While there have been more Black gymnasts competing over the last few decades, and especially over the past 10 years, the sport has only grudgingly made room for them. They will allow that they are powerful—which, of course, isn’t true for all Black gymnasts, just like being graceful isn’t somehow a natural state of being for white gymnasts—but gymnasts like Biles are still often talked about as though they’re spoilers, or interlopers; the unspoken judgment is that their arrival has transformed gymnastics, and not for the better. The implication is that the sport, once a bastion of white womanhood—and then white girlhood—has now moved so far from its roots that it’ll never again be what it once was. As though remaining that way was even desirable, and as if a sport that stopped growing was doing anything but dying.
Even skill representations in the Code of Points don’t account for the diversity among gymnasts. Cervin credited the performance studies scholar Shani Skakur-Bruno for observing that the Code of Points’ illustrations are of white gymnasts. “Although it is intended to be a neutral illustration without facial features, the gymnast’s hair is straight and pulled back into a ponytail, which precludes many non-white hair types and styles,” Cervin writes. “The illustrations [reflect] expectations of performance based on ideals of white womanhood.”
Add to all of this anti-Blackness the fact that there have been many questionable comments and a pattern of excessive censure from media and officials alike directed at Chinese gymnasts. I remember watching the Olympics in the 1990s and hearing the commentators speak about how the Chinese leotards didn’t fit as well as those of other countries and wondering why, to my eye, they seemed to fit as well as all the rest. There were also comments about their music and floor choreography although, once again, their floor routines seemed no better and no worse than everyone else’s. (Except for perhaps the Soviets, but then everyone was artistically inferior to the late-’80s/early-’90s USSR team, and that includes the Romanians, the Americans, everyone. I mean, Olga Strazheva performed a bizarre routine to Igor Stravinsky’s “The Rite of Spring” and Svetlana Boguinskaia did what can only be described as “bondage choreography” to “Bolero.” Iconic.)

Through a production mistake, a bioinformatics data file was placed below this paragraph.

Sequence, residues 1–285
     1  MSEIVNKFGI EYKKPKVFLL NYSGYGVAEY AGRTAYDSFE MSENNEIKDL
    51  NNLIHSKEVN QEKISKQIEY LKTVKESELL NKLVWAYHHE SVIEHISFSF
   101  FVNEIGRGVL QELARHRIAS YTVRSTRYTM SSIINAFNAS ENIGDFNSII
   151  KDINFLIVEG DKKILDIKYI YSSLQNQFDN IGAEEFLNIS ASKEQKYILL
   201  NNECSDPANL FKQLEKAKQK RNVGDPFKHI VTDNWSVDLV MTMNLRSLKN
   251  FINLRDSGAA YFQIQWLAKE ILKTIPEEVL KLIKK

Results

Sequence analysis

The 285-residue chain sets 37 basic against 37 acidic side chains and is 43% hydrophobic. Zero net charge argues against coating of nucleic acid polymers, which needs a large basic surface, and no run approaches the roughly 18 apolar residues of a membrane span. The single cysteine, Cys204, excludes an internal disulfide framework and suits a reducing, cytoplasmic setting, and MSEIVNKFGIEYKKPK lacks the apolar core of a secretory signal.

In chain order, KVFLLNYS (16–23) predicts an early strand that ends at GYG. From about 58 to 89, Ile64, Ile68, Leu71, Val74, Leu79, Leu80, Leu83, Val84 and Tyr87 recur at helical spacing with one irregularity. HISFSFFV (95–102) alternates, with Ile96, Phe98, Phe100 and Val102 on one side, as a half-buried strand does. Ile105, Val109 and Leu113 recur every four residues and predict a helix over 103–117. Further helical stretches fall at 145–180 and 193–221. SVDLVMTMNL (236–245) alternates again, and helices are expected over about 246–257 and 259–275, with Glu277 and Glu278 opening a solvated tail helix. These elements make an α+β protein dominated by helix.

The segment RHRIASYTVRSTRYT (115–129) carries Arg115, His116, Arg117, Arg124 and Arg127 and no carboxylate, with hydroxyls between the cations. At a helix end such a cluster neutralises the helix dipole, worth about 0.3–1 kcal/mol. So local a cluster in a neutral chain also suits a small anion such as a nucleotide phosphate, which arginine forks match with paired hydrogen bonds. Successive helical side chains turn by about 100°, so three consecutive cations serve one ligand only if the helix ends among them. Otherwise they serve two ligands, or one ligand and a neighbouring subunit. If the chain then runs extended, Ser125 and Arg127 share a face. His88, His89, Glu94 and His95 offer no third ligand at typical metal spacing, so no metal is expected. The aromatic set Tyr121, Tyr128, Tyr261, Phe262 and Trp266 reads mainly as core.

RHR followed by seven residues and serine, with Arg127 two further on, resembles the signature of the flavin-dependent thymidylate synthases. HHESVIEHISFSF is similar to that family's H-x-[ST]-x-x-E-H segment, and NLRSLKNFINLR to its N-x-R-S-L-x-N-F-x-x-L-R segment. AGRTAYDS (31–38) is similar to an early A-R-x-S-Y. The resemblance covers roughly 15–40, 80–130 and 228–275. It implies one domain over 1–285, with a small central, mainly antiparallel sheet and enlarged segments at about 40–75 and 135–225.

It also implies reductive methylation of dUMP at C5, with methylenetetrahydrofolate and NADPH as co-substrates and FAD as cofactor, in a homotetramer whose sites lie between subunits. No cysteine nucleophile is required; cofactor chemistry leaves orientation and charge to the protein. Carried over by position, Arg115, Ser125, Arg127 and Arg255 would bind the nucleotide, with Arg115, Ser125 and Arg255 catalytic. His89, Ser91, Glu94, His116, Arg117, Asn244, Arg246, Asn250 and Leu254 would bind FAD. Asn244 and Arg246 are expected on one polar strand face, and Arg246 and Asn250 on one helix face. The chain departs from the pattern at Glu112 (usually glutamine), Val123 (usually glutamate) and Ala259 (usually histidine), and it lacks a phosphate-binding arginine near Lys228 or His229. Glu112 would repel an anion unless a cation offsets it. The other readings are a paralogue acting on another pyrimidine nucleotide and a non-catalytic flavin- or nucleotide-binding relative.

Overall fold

Grandi singled out China and Japan in his comments about choreography and artistry. After accusing China of “robotic-style training” at a time when the U.S. was winning under the domineering tutelage of Martha Karolyi, he praised Japan for being willing to adapt and change—by which he meant more closely align themselves with so-called “Western” styles. “They (Japan) have improved the construction of their exercises, leaving behind Eastern-style choreographies to move towards the West—that is to say more harmony, imagination, creativity.”
Donatella Saachi, the current president of the WTC, made somewhat similar comments about Chinese expressiveness on floor exercise, saying that “it’s not the nature of the country to show emotions” in a podcast interview. I hope this doesn’t need to be said, but this is outlandishly backwards bullshit. A routine’s artistic success really depends on the gymnast, the music, and the choreography; I don’t know about you, but I think Jiang Yuyuan is doing a pretty great job expressing herself in her 2008 Olympic floor routine.